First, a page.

Brown Girl Dreaming

Brown Girl Dreaming

Audiobook CD - 2014
Average Rating:
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Stories of the author's childhood from the '60s and '70s told in prose.
Publisher: [New York] : Listening Library, [2014]
Edition: Unabridged
ISBN: 9780553397260
0553397265
Branch Call Number: JB WOODSON
Characteristics: 4 audio discs (3 hr., 56 min.) :,digital ;,4 3/4 in

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JCLEmilyD Jun 01, 2017

Brown Girl Dreaming is the beautiful telling of Woodson's childhood in verse.
Woodson was born in 1963 so her story is intertwined with the story of civil
rights. Woodson is a very accomplished author and poet, she's written several
children's books as well as adult novels. Woodson is a storyteller, it's her gift.
I want to read all her books!

CircMary Apr 03, 2017

This free verse gem is an extra special experience as an audiobook read by the author. As an adult reader/listener, Woodson's snatches of childhood memories will draw you in and remind you of your own special stories that need to be told.

JCLBeckyC Mar 01, 2017

I'd read this book two years ago, but this time around I tried the audiobook, read by the author, the inimitable Jacqueline Woodson. Her voice adds a richness and depth that makes the poems pop. I LOVE this audiobook, and I plan on recommending it to everyone I meet.

e
EXLIBRES
Aug 05, 2016

Very Inspiringly! >for all ages.

CRRL_RebeccaPurdy Jul 02, 2015

Read by the author, this is the amazing story of a young girl finding her place in the world, even as her physical location continues to change.

natalie_g Dec 31, 2014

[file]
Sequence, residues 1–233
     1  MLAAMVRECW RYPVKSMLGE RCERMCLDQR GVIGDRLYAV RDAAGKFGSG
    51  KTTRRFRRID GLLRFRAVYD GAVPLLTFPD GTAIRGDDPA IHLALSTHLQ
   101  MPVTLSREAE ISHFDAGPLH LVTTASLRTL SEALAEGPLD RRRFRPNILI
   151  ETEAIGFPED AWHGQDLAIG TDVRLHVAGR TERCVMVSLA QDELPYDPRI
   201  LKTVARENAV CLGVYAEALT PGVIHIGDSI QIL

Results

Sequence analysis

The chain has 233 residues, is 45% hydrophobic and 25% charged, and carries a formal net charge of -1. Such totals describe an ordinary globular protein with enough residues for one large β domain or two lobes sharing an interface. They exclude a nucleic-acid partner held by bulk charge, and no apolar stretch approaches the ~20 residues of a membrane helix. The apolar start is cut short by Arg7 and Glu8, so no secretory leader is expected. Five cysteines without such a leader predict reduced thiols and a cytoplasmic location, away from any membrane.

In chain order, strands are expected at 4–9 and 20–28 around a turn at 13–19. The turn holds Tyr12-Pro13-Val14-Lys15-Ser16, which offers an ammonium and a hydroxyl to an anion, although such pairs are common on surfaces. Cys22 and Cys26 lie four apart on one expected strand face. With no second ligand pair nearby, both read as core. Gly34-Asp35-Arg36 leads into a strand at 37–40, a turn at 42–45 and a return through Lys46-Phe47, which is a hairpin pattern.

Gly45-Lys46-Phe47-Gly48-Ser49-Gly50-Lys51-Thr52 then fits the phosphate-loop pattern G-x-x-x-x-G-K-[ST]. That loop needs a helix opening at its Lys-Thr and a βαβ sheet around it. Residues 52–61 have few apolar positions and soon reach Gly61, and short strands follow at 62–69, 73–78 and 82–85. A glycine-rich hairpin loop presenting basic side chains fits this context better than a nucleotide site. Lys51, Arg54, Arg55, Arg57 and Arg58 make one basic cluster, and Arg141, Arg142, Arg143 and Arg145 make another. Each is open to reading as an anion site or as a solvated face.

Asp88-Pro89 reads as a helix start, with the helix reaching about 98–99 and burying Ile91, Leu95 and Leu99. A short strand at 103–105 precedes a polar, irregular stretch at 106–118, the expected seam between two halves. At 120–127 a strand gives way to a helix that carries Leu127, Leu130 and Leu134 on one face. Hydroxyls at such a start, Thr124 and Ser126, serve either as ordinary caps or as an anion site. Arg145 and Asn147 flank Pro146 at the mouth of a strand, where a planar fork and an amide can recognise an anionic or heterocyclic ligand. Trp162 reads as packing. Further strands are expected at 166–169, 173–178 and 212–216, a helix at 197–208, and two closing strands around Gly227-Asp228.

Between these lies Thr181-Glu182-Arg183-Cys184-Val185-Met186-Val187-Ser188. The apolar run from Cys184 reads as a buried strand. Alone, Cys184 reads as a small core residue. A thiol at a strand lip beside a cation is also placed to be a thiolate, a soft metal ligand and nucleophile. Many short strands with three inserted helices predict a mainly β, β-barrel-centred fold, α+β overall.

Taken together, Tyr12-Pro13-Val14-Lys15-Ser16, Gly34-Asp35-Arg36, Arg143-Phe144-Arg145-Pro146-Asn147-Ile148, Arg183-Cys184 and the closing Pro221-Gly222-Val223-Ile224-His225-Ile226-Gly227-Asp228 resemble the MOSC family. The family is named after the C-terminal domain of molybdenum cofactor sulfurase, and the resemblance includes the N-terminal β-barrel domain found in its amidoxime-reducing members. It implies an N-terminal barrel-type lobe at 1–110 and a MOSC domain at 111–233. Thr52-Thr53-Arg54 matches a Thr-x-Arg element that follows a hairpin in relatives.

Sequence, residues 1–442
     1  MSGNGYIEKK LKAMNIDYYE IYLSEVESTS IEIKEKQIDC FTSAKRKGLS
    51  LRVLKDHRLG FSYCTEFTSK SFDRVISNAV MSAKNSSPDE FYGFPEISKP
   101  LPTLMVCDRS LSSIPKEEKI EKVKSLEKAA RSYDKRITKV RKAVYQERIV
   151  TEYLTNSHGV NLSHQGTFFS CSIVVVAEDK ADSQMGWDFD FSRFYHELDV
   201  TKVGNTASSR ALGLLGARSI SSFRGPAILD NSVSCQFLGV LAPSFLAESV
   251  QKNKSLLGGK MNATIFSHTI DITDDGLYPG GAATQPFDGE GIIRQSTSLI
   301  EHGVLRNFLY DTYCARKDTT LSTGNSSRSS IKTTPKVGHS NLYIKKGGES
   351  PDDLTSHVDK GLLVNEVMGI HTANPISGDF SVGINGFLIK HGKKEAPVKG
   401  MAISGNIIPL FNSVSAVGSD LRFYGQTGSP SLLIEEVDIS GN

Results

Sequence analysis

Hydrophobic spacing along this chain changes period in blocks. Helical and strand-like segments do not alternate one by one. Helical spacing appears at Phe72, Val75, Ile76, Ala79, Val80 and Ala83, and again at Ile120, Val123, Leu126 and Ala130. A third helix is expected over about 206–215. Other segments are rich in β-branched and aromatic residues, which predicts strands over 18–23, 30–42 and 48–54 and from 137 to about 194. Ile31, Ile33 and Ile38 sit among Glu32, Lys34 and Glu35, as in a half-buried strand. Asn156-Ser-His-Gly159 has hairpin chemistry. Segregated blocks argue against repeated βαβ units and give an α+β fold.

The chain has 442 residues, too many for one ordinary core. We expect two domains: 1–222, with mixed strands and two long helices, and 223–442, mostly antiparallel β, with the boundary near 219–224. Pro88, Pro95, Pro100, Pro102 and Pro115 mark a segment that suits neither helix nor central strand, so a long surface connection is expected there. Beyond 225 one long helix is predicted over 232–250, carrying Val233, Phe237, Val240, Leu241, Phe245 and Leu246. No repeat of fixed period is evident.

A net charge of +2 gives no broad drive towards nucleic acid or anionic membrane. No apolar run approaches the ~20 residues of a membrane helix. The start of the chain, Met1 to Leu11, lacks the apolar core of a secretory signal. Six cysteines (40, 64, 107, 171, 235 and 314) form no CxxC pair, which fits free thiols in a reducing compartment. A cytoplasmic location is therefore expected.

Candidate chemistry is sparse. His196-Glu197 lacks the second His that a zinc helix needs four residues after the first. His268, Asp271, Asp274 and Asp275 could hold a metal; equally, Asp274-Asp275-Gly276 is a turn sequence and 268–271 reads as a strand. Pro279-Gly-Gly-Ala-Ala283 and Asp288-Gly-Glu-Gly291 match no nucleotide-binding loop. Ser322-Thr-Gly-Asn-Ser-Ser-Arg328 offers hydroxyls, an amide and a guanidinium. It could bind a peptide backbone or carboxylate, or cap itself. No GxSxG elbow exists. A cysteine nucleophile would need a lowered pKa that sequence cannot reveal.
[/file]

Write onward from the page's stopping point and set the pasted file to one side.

Worthy of all the great reviews! Appeals to all ages. Everyone will be touched by her stories in a different way.

In her memoir, Woodson shares what it was like to grow up black in the 1960s and 1970s, during the Civil Rights movement, in both the North and the South, always supported by deep family love. Told in verse, the book also describes her joy at finding her voice through writing.

In her memoir, Woodson shares what it was like to grow up black in the 1960s and 1970s, during the Civil Rights movement, in both the North and the South, always supported by deep family love. Told in verse, the book also describes her joy at finding her voice through writing.

Jacqueline Woodson reads her autobiographical poetry to us, her own voice lending its authenticity to the story, sharing her life and inspiring us. My favorite poem is "Stevie and Me" in which Jacqueline describes going to the library with her mother every Monday and being allowed to pick seven books of her own choice. On this day she discovers "Stevie" by Jon Steptoe.

Two excerpts from the poem:

1.

If someone had been fussing with me

to read like my sister, I might have missed

the picture book filled with brown people, more

brown people than I’d ever seen

in a book before

2.

If someone had taken

that book out of my hand

said, You’re too old for this

maybe

I’d never have believed

that someone who looked like me

could be in the pages of the book

that someone who looked like me

had a story.

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